The Power of Forgiveness
“I have seen hatred and I have seen love, love is more powerful” by Immaculee Ilibagiza.
It is a reality that across Africa in countries emerging from major post war conflicts, active peace movements has been led by women often behind the scenes. One of the conflicts that really haunted me for years was Rwanda’s genocide. I have had the privilege to visit Rwanda in several occasions and I have witnessed the amazing power of women in that side of the continent, but there is one person who has made a huge impact in my life, and show me lessons about power like no other, the power of forgiveness and love.
In 1994, Rwandan Immaculée Ilibagiza was a college student who returned to her parents’ home for Easter break and was caught in the midst of a modern-day holocaust that would end the lives of almost a million Rwandans—including most of her family. After the genocide, Immaculée came face-to-face with the man who killed her mother and one of her brothers. After enduring months of physical, mental and spiritual suffering, Immaculée was still able to offer the unthinkable, telling the man, «I forgive you». Immaculee is also the perfect example of the power of believing and manifesting your dreams.
In 1998, Immaculée emigrated from Rwanda to the United States where she got a job in the United Nations. During that time, she shared her story with co-workers and friends who were so impacted by her testimony they insisted she write it down. Three days after finishing her manuscript, she met best-selling author Dr. Wayne W. Dyer, who, within minutes of meeting her, offered to publish her book. Dyer is quoted as saying, «There is something much more than charisma at work here – Immaculée not only writes and speaks about unconditional love and forgiveness, but she radiates it wherever she goes.»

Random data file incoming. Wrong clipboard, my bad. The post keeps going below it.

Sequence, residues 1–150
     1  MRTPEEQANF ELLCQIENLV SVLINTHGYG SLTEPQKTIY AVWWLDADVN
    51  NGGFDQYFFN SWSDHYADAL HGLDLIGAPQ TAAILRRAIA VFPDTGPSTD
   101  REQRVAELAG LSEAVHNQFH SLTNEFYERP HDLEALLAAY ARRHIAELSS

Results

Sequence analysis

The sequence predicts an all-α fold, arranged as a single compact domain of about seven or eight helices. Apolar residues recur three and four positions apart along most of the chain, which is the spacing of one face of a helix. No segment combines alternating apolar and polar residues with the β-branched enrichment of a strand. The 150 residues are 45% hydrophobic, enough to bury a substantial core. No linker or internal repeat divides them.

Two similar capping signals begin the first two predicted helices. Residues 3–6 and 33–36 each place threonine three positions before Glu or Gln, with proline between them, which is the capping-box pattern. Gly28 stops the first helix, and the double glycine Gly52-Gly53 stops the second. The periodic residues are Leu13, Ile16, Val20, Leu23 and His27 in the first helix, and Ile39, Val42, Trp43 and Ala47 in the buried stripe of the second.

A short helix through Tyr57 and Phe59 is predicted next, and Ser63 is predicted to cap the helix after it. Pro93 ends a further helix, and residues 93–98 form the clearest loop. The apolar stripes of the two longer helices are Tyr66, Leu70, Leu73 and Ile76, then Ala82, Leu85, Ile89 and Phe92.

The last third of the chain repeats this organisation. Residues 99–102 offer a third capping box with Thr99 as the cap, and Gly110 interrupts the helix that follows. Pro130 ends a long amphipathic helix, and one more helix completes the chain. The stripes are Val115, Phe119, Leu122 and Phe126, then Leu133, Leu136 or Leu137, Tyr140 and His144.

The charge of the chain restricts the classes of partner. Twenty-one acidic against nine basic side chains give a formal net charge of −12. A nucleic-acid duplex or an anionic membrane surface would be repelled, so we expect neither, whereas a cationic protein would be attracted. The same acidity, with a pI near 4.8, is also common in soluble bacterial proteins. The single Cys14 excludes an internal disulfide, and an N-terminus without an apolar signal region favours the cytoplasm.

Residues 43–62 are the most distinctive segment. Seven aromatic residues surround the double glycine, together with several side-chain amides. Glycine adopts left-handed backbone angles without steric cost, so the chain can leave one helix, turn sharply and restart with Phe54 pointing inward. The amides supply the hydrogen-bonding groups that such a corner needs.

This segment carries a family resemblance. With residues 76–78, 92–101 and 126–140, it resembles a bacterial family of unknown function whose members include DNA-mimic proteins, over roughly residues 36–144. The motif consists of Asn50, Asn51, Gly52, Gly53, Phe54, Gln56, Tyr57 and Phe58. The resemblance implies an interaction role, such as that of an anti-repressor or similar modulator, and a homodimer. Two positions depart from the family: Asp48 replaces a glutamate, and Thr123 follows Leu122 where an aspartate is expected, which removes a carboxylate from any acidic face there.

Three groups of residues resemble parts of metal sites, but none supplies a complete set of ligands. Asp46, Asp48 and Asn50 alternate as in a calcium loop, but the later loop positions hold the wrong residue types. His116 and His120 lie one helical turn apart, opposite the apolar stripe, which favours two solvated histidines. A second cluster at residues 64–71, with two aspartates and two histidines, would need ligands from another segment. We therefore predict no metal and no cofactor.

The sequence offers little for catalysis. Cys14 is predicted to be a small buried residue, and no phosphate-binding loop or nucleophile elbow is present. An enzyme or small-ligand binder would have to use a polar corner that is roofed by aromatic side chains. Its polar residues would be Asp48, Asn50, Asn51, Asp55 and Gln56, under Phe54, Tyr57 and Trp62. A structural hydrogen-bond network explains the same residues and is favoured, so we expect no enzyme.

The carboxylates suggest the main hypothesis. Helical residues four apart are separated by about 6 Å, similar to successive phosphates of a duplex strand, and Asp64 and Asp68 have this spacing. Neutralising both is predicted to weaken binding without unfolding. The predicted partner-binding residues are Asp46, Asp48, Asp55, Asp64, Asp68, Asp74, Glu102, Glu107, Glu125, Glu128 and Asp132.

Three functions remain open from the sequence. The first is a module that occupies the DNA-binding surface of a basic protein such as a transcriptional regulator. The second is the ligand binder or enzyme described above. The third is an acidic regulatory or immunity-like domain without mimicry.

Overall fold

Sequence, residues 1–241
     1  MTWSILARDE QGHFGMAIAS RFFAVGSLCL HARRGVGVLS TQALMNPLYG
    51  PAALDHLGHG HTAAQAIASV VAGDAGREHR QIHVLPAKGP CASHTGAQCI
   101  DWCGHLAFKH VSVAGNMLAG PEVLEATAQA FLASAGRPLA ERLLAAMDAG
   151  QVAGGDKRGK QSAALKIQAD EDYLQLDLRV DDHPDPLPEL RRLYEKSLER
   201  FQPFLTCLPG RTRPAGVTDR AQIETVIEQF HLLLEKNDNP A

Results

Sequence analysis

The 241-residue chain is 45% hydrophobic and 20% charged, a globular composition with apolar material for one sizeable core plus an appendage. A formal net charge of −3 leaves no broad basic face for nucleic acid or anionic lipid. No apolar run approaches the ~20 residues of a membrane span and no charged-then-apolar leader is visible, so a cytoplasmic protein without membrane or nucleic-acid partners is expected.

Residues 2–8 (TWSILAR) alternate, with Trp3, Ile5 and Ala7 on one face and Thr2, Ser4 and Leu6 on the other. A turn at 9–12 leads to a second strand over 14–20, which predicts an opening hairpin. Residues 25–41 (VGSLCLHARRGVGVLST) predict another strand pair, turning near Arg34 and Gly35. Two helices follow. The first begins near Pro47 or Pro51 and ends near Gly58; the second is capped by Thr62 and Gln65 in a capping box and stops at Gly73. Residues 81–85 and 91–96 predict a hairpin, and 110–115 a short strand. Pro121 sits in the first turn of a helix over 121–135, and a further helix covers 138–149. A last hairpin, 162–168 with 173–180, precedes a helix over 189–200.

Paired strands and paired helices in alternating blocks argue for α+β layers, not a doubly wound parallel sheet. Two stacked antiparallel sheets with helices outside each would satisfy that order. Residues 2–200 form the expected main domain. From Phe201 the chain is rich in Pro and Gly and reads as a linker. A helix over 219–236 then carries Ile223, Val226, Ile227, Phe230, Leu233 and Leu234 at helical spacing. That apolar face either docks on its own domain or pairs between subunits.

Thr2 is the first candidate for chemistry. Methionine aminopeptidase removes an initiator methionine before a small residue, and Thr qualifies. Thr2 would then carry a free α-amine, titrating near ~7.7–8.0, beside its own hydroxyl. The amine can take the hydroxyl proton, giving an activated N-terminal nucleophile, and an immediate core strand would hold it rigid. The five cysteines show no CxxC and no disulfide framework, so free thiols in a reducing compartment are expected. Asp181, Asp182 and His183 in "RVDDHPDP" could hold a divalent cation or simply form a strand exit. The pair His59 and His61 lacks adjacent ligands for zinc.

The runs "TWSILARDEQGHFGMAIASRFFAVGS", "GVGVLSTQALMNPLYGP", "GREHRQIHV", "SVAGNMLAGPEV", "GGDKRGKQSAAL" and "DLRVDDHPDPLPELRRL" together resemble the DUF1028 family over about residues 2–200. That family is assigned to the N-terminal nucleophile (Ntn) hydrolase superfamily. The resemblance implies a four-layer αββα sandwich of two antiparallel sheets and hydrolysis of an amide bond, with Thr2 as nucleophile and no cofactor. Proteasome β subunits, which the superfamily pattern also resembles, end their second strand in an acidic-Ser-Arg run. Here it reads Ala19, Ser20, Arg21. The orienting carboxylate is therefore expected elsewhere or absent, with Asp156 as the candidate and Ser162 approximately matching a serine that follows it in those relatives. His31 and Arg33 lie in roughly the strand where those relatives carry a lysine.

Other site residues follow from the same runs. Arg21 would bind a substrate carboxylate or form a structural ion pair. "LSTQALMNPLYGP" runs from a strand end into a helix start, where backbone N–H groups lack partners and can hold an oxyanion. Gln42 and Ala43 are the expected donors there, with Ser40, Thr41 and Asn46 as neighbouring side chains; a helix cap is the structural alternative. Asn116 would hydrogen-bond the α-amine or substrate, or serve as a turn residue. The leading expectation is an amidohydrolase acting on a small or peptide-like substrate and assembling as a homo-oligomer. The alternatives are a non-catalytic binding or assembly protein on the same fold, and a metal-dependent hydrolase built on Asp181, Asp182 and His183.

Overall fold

When I met Immaculee, I felt exactly the same as Dr. Dyer, she is an inspiration to me and many other women for her strength and her generosity encouraging people around the world through her books and her public speaking to focus on forgiveness and believe in ourselves. The luxury of listening to her lectures is beyond words and she leave these blueprint in all our hearts, you feel that everything is possible.
Her first book, Left to Tell; Discovering God Amidst the Rwandan Holocaust (Hay House) was released in March of 2006. Left to Tell quickly became a New York Times Best Seller. To date, it has been translated into seventeen languages and has sold over two million copies. Immaculée’s story has also been made into a documentary entitled The Diary of Immaculée. She has appeared on 60 Minutes, Oprah, The CBS Early Show, CNN, EWTN, CBS Evening News, The Aljazeera Network as well as in The New York Times, USA Today, Newsy, and many other domestic and international publications.
She was recently featured in Michael Collopy’s Architects of Peace project, which has honored legendary people like Mother Teresa, Jimmy Carter, Nelson Mandela and the Dalai Lama. Immaculee’s message and vision I believe is more than ever welcome in our current society and can be applied to all the areas of our lives.